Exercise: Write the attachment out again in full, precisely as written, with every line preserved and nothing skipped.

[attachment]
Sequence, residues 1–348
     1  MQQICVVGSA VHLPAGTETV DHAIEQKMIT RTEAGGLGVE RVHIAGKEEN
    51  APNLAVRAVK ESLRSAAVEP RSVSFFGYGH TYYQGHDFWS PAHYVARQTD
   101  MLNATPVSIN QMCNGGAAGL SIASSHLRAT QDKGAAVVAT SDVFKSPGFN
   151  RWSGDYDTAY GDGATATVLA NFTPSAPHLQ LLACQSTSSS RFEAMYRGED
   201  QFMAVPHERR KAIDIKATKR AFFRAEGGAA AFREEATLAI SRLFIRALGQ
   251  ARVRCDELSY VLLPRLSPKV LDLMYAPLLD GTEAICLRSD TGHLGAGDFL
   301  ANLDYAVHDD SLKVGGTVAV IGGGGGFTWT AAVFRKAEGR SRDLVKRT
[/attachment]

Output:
Sequence, residues 1–348
     1  MQQICVVGSA VHLPAGTETV DHAIEQKMIT RTEAGGLGVE RVHIAGKEEN
    51  APNLAVRAVK ESLRSAAVEP RSVSFFGYGH TYYQGHDFWS PAHYVARQTD
   101  MLNATPVSIN QMCNGGAAGL SIASSHLRAT QDKGAAVVAT SDVFKSPGFN
   151  RWSGDYDTAY GDGATATVLA NFTPSAPHLQ LLACQSTSSS RFEAMYRGED
   201  QFMAVPHERR KAIDIKATKR AFFRAEGGAA AFREEATLAI SRLFIRALGQ
   251  ARVRCDELSY VLLPRLSPKV LDLMYAPLLD GTEAICLRSD TGHLGAGDFL
   301  ANLDYAVHDD SLKVGGTVAV IGGGGGFTWT AAVFRKAEGR SRDLVKRT